Princess of Lorraine and the Princess of Condé were awaiting the
coming of the young queen. Queen Mother being sick, appointed
the king and the queen his wife, in her absence to solemnize the
Afterwards I was brought down into the hall where the feast
was kept. There the king met me. He saluted me with a kiss and
bade me welcome, offering to do me all the service he could. He
said he was very desirous to see the Queen my mistress ; to which
I answered that she desired as much to see him. He said, moreover,
it would be great joy to him if he could see her Majesty and
his brother together, professing that as long as she enjoyed the
presence of his brother she had as it were a part of himself. I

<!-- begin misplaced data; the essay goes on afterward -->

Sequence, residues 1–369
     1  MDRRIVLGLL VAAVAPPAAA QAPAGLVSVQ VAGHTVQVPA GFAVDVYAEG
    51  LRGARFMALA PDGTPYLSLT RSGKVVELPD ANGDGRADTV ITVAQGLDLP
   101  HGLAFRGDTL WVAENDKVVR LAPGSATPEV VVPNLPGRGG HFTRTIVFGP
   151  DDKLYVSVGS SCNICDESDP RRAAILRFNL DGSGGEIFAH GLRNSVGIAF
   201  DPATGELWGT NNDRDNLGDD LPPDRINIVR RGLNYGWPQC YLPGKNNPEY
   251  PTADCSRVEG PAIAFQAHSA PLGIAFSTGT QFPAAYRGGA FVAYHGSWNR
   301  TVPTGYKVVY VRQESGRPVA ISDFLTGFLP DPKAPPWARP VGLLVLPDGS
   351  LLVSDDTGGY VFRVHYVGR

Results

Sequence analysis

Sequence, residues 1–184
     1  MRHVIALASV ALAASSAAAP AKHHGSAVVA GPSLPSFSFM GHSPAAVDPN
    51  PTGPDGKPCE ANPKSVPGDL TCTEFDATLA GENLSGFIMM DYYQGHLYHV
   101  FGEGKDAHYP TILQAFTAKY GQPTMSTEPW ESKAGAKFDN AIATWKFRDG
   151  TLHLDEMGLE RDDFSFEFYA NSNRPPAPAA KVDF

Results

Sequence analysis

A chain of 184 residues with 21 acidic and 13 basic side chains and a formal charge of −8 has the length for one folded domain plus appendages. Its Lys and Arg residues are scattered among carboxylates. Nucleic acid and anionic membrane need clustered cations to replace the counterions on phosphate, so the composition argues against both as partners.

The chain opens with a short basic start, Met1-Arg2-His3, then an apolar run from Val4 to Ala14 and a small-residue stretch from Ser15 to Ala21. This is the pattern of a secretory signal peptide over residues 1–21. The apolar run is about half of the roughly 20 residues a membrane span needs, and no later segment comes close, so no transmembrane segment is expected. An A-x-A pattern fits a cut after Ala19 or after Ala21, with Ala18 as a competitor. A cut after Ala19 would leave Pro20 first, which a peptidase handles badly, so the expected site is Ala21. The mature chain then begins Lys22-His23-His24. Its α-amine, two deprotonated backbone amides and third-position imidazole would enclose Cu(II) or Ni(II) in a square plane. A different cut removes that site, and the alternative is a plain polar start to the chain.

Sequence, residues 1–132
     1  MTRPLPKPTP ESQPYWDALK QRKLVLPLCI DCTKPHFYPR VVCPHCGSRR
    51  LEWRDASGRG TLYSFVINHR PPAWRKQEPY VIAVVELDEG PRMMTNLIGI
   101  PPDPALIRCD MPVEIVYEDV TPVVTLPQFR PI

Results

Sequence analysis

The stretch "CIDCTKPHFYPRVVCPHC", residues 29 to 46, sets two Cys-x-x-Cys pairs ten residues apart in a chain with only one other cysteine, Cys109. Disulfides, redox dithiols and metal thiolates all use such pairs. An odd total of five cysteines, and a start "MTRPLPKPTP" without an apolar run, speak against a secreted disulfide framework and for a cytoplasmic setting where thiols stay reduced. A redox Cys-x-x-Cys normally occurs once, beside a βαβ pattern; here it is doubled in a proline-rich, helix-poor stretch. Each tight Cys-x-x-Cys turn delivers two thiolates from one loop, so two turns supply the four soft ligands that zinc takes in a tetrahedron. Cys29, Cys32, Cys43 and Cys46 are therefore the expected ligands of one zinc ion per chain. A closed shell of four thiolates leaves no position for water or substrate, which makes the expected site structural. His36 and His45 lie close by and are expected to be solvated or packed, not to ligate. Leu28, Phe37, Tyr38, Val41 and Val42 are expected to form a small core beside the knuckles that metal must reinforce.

answered that I referred that to the will of God and his brother's
Then he desired of me her Majesty's picture, of which he had
heard from M. Gourdan. My answer was that I had made a vow
the first that should see it should be his mother, who as I heard
was then sick, which my mistress would be very sorry to hear. He
told me it was but 'lickell' cold which she had takén, and no doubt
she would soon recover. He said further, he 'thought beholding'
to her Highness that she was so careful of his mother's good health.
Then he desired again to see the picture, which I told him was very
excellent ; wherefore I trusted he would the rather hold me excused
'for that I made it so dainty.' Then with a smiling countenance
he left me, saying that the ambassador's wife was much changed ;
and in my sight he charged the Princess of Lorraine and the
Princess of Condé to accompany me, commanding that I should sit
at his own table.